In fact, my affinity for the game grew quickly, and the slightest sign of spring became reason to get out my baseball glove and bat. Once the temperatures hit the 60s, I would be full of anticipation for the coming Cubs season and for our parkway ballgames. I’d check the newspaper for news about spring training and search out neighborhood pals to play catch. I also became a fan of tabletop baseball games that used statistical charts and cards to simulate the performances of real-life baseball players — the forerunners of today’s sophisticated computer and video games.
As I got older my focus on baseball waned. But after I graduated from law school, I rediscovered the game. I was in New York City by then, and in the mid-1980s it was still possible to get Mets grandstand seats for under $10. I shared a pair of season tickets with friends during the Mets 1986 World Series championship season, and it was a blast. I also joined fellow Legal Aid Society lawyers for weekly softball games in Brooklyn’s Prospect Park. Yup, those were good years.
Today, I’d be in better physical shape if I was still playing softball, instead of anticipating the start of fantasy baseball season and playing baseball board and computer games! Whatever. Until this snow starts to clear up, any manifestations of baseball around here will be virtual anyway.
July 20, 1962: It was a dark and stormy day
With March on the horizon, we’re now approaching the severe storm season, and I’ll be paying attention to forecasts and reports about tornadoes, building on a fascination that traces back to my early childhood. And thanks to an incredible database, TornadoHistoryProject.com, I can track down the history and path of the very first tornado I ever experienced, albeit down in the basement of my childhood Griffith, Indiana home.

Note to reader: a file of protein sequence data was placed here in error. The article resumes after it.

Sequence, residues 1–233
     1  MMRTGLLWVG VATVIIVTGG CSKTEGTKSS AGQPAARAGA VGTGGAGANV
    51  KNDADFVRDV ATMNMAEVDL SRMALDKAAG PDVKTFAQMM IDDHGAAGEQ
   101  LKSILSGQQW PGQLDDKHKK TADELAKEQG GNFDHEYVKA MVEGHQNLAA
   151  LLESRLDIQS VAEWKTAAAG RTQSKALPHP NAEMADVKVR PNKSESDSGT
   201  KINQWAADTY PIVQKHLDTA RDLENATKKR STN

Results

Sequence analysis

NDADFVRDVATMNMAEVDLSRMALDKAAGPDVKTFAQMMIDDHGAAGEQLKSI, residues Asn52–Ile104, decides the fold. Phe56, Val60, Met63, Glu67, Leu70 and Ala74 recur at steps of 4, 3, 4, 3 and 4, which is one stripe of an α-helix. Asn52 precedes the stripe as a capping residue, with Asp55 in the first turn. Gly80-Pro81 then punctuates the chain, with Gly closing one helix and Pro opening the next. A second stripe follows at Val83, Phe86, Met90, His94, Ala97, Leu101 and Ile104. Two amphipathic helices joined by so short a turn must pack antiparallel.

It was July 20, 1962. Mom had taken my brother Jeff (almost 9 months old) and me (almost 3 years old) down to the basement by the time the tornado passed over our house. After it was safe to leave the basement, I went upstairs to see that our swing set had been knocked over. That was the worst of it. Thankfully it was a relatively weak tornado, with no reported injuries. However, as I’ve learned from the Tornado History Project, it had some staying power, traveling nearly 15 miles.
This is one of my earliest and sharpest childhood memories. In fact, I cannot recall anything else from that time making such imprint. My next firm memory comes from over a year later, when I was watching President Kennedy’s funeral.
I guess this helps to explain why I’ve been so captivated by tornadoes. In recent years, I’ve been going on storm chase tours and hanging out on Facebook with storm chasers and other bad weather enthusiasts. I guess some experiences just stick to the ribs, yes?
My first storm chase tour: May 2008 (May 2014)